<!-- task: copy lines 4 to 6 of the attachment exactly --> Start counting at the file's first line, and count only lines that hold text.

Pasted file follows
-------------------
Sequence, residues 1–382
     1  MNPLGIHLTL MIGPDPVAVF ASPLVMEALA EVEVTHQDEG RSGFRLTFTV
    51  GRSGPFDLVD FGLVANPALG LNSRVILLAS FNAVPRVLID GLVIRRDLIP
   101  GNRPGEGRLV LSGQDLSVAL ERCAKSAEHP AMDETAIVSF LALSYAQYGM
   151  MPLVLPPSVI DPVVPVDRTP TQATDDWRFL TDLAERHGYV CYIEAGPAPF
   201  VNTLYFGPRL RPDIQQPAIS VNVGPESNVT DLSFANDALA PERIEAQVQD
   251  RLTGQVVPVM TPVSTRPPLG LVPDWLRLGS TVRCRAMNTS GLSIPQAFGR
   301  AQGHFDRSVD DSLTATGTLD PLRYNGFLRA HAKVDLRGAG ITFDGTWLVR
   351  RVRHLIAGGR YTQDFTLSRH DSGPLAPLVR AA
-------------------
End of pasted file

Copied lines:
   101  GNRPGEGRLV LSGQDLSVAL ERCAKSAEHP AMDETAIVSF LALSYAQYGM
   151  MPLVLPPSVI DPVVPVDRTP TQATDDWRFL TDLAERHGYV CYIEAGPAPF
   201  VNTLYFGPRL RPDIQQPAIS VNVGPESNVT DLSFANDALA PERIEAQVQD